Autism, autism-spectrum disorder, and Asperger's syndrome.
A new study suggests the idea that more kids are being diagnosed with autism not because something catastrophic has happened to U.S. children, but rather because they're simply being classified and diagnosed differently.
Special education enrollment figures suggest 97 percent of the increase in autism seen between 2000 and 2010 could simply be accounted for by reclassification — at least among older kids — a team at Penn State University found. [And about 2/3 of the total increase.]
Santhosh Girirajan, an assistant professor of biochemistry and molecular biology and of anthropology at Penn State and colleagues looked at 11 years of special-education enrollment data covering more than 6 million children a year. They found that the increase in students designated as having autism could be offset by a nearly equal decrease in students diagnosed with other intellectual disabilities often seen along with autism.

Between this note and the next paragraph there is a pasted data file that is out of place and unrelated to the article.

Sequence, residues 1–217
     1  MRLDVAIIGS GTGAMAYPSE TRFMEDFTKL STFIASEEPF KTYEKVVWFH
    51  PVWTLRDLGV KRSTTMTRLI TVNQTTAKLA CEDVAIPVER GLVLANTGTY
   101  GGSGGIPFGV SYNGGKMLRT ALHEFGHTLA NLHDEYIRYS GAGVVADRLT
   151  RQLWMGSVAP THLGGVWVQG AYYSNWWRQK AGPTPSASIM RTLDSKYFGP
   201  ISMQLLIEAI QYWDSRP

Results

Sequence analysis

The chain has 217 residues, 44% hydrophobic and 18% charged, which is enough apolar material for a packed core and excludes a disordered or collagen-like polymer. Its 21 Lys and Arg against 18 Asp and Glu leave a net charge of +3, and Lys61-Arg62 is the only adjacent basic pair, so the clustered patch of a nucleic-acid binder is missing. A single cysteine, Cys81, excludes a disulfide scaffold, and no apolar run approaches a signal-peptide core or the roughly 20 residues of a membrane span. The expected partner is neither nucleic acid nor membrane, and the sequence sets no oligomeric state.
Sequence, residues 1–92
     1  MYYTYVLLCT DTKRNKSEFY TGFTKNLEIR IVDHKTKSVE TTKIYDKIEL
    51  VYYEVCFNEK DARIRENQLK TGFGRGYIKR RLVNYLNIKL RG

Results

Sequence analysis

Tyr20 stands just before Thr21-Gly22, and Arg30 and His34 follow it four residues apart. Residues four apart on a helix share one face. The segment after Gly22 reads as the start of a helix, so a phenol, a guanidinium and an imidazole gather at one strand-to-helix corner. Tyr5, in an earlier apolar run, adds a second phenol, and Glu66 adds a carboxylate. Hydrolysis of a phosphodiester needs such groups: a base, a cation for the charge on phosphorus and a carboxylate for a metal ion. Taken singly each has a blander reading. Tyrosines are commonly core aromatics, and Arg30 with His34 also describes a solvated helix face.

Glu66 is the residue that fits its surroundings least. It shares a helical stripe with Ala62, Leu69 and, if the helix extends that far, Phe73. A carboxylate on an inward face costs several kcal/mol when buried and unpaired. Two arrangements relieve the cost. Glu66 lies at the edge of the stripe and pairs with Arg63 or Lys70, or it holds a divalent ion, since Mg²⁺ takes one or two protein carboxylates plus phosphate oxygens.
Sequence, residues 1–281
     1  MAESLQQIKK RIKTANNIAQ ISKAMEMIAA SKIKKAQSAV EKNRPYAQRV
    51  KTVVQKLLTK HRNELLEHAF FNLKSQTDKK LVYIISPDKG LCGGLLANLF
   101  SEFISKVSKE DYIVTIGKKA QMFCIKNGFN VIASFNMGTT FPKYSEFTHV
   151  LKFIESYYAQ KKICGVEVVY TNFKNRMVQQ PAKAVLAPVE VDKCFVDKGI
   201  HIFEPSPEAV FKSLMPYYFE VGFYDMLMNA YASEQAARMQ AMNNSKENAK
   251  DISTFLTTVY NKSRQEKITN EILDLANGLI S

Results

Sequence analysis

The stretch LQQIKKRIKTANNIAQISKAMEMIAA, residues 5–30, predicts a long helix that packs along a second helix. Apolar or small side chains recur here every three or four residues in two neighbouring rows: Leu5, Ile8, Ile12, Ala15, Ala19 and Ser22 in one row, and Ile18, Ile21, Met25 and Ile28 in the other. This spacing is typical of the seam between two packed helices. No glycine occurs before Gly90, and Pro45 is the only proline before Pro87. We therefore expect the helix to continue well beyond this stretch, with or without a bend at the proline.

Additionally, higher autism rates are found in children of teen parents and of older parents. Since there has been more of those two groups over the last 30 years or so, that could account for some of the rest of the increase.
Also, there is a genetic factor at work as well. Parents who are detailed oriented tend to be at an increased risk of having children with autism. It used to be that men who were detailed oriented tended to end up certain occupations, such as engineering. Women in others. These men would tend to find spouses at church or in social organizations or in support staff where they worked. These women would be less likely to carry any autism related genes.
Because detail-oriented women are being encouraged to move into engineering type occupations, detail oriented men and women are now more likely to marry each other. This increases the risk of a "double dose" of the genes related to autism.
If these three things are true, they probably account for close to 100% of the increase in the diagnosis of autism and its related syndromes.